To enclose the chase I cut down a piece of ¼” plywood using referential measurements a.k.a putting it in place and marking it. But referential measurements sound way more fun.
I could have squared the corners of the rabbet on the back with a chisel but instead I decided to round the corners of the back panel. It was fast and easy to do using a fender washer to make the curve and sanding it to the line on my oscillating belt sander.
Next I decided to route the wires from the monitor and table top elements through a slot I added in the removable panel. I also used some cable clips on the back of my monitor to tame the wires. Then I drilled finger holes in the panel to make it easy to remove. I also decided to attach the removable panel with magnets which worked well. Check out the full video for this project for more details on how I did this.
Mount Drawers and Add Finish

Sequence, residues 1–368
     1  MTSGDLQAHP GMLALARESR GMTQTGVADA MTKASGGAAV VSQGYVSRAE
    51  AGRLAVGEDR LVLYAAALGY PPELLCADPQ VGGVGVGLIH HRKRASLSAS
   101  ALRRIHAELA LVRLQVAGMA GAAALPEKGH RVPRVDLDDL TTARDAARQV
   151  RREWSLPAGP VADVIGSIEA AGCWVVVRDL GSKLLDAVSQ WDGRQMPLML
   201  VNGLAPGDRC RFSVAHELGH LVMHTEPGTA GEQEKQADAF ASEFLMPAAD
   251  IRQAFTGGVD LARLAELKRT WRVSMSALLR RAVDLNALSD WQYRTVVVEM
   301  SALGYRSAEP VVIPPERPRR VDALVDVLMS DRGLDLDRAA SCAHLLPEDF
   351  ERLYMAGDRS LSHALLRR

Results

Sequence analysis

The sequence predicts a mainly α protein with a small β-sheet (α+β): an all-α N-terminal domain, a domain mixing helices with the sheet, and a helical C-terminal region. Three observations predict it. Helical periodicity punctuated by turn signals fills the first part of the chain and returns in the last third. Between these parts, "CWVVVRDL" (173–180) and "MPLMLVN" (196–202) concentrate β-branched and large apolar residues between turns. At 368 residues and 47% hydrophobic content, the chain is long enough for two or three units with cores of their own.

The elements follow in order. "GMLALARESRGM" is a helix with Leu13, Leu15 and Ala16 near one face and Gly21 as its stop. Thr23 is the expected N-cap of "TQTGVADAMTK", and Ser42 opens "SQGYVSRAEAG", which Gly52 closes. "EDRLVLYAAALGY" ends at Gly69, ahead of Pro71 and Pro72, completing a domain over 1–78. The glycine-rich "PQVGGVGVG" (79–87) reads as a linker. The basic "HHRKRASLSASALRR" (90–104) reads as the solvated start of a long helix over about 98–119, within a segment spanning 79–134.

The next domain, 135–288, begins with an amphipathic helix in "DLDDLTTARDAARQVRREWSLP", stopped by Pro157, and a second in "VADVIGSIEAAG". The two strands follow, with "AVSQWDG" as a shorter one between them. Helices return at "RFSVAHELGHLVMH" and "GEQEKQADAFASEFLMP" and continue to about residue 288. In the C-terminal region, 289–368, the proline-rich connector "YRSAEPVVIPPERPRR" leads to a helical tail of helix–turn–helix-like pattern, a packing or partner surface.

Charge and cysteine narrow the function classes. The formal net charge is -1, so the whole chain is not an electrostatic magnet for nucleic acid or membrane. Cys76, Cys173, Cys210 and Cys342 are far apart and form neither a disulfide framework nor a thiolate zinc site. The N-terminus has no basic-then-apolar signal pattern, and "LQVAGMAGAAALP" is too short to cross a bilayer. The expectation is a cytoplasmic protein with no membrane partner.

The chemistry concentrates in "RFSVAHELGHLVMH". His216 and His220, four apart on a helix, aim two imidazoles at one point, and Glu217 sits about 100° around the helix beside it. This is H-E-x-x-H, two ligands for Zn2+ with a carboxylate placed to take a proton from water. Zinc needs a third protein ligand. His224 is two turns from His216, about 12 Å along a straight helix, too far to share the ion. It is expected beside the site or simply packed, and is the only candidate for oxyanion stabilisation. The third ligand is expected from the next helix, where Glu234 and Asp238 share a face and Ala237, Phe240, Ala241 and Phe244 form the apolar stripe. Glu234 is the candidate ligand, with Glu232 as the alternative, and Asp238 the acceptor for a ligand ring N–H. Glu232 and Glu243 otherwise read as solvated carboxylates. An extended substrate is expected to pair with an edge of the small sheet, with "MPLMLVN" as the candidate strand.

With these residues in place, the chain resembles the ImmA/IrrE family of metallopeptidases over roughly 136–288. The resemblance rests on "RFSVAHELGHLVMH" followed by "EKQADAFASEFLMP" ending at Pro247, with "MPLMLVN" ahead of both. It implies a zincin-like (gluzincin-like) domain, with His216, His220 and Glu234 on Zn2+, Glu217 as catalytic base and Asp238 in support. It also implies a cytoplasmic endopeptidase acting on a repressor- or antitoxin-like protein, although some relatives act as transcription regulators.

Finally I mounted the drawer slides in the box and added the finish to the DIY desk. I used Rubio Pure for the finish and I love the way this stuff goes on. It’s by far the easiest finish I’ve ever used. I applied it to the top, base and drawer fronts and it really made those fronts pop.
After that I installed the fronts and mounted the top on the base with counterbored screws.
And just like that the DIY Desk was done! I really love how modern and clean DIY Desk looks, it’s just what I was going for. And the wire management keeps all the cords under control which adds to the clean look. If you’re looking for more desk ideas check out my Hidden Wireless Charging Desk and my DIY Desk with Drawers.
JET and Woodcraft provided me with product and/or monetary compensation as a sponsor of this build. All opinions are my own and are not filtered by the sponsor.